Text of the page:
The United States is reportedly tightening rules to prevent China from obtaining advanced US technology for commercial purposes, and then diverting it to military use.
The move comes amid growing anger in Western circles at what is alleged to be China’s misinformation campaign during the Coronavirus pandemic. For example China’s foreign minister has reportedly tweeted about the possibility that the ‘US military brought the virus to Wuhan’, and an official government mouthpiece has alleged that Italy is responsible for the pandemic.
There is also anger about an alleged Chinese cover-up about the scale of the Coronavirus pandemic, with reports suggesting Chinese authorities have dramatically under reported the number of Covid-19-related deaths in that country.
Indeed, according to reports last weekend, the British government has been told the Chinese may have allegedly lied about the extent of their own outbreak by a factor of 40.
China is also being fiercely criticised for its animal markets that often sell endangered animals and domestic animals (including dogs), often in horrific conditions.
This had led some backbench MPs to call on the government to rethink its decision to allow Huawei a limited role in building the UK’s 5G network.
But now Reuters has reported that US officials are to introduce hurdles that could be used to stop Chinese companies from buying certain technologies including optical materials, radar equipment and semiconductors, from the United States.
It is fair to say that tensions between the US and China remain frosty at best, and both countries have recently engaged in tit-for-tat expulsions of journalists from each country.
According to Reuters, the new restrictions are also a sign of growing nervousness within the US government over China’s “civil-military” fusion promoted by President Xi Jinping.
This has led hard-liners in the US administration to say it is time to update US rules in light of the Chinese policy, because some US shipments shipped abroad are “authorised based in large part on whether they will be used for civilian or military applications.”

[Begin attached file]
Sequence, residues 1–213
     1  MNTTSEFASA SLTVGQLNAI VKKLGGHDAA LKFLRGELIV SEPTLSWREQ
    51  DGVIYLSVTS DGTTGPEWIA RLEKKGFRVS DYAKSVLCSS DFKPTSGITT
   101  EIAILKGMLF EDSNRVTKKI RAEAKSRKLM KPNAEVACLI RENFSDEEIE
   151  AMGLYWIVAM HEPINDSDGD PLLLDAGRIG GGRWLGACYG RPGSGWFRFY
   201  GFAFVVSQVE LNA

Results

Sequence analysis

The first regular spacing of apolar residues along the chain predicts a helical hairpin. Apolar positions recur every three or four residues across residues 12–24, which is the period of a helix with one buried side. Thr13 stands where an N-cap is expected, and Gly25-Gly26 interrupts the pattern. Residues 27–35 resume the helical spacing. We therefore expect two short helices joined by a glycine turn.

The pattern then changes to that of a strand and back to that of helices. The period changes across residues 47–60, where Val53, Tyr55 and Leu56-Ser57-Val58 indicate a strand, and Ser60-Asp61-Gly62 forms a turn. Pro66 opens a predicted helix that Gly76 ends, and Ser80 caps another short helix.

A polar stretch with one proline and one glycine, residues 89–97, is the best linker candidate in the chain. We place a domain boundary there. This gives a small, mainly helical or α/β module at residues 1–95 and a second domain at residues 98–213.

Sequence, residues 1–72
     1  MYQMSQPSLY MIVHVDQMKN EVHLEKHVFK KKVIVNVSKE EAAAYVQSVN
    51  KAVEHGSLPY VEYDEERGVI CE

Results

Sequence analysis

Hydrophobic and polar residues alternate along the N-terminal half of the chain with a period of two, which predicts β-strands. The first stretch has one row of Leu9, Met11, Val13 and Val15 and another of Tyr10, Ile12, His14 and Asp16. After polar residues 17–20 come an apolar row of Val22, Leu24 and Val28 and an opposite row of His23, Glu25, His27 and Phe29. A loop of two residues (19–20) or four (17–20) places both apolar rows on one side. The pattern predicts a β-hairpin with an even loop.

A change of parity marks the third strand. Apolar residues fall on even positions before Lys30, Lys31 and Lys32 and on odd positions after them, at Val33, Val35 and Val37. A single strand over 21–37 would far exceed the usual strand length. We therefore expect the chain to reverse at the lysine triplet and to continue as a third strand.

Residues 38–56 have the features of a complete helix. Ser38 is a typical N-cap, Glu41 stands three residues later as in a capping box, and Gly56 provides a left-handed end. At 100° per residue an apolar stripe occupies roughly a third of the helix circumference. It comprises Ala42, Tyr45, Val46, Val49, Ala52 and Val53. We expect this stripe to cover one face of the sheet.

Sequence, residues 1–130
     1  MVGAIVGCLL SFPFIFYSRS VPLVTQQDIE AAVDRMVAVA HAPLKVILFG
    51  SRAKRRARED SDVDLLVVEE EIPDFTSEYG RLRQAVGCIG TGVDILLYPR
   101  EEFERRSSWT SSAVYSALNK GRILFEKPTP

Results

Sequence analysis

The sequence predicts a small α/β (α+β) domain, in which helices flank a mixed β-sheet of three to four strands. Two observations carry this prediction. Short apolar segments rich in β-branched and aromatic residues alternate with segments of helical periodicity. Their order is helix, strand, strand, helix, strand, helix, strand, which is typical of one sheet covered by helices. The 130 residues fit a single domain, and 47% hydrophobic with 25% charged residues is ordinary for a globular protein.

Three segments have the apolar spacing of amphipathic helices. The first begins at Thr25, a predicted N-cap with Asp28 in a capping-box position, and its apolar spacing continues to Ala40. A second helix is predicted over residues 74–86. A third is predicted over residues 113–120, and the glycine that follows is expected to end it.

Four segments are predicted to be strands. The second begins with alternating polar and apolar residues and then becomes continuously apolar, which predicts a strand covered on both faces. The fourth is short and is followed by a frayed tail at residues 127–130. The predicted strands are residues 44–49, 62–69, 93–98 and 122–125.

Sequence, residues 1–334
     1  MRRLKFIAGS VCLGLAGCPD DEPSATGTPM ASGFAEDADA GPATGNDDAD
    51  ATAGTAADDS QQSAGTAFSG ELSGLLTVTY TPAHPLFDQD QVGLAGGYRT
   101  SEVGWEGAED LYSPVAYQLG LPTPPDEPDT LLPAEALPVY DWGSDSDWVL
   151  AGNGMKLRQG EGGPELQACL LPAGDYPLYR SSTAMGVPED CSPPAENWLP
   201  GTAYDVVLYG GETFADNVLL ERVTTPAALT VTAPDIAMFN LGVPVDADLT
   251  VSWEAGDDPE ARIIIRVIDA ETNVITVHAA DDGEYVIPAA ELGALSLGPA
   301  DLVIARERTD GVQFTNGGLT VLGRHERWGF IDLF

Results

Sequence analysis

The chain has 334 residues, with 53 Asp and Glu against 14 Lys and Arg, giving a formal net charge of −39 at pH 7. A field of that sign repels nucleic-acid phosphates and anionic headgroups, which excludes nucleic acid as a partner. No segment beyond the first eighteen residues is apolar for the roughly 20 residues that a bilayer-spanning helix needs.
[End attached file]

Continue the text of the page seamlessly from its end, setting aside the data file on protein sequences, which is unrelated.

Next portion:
Since “the Chinese have said to us, ‘anything you give to us for a commercial purpose is going to be given to the military,’ what point is there in maintaining a distinction in our export control regulations?” Reuters quoted former White House official Tim Morrison, who was involved in drawing up the changes, as saying.
It remains to be seen whether President Donald Trump would sign off on the new restrictions, which could see the US withdrawing license exceptions.
There is concern the Chinese will simply source the needed tech from non-US sources.
The White House and the Commerce Department reportedly did not respond to requests for comment.
“We urge the US to stop this purposeful slandering and look at China’s policy in an objective way and do more for the cooperation between our two sides,” Chinese foreign ministry spokeswoman Hua Chunying reportedly told a daily briefing on Thursday, when asked about the plans for tighter restrictions.
According to Reuters, new US restrictions could see the removal of the civilian or “civ” exemption, which allows for the export of certain US technology without a license, if it is for a non-military entity and use, sources said.
Another change Reuters said, would stop China’s military from obtaining certain items without a license even if they were buying them for civilian use, such as scientific equipment uch as digital oscilloscopes, airplane engines and certain types of computers.
If these restrictions were implements, it would block certain shipments to Chinese military importers, even if they said the item would be used in a hospital, for example.
A final change would force foreign companies shipping certain American goods to China to seek approval not only from their own governments but from the US government as well.
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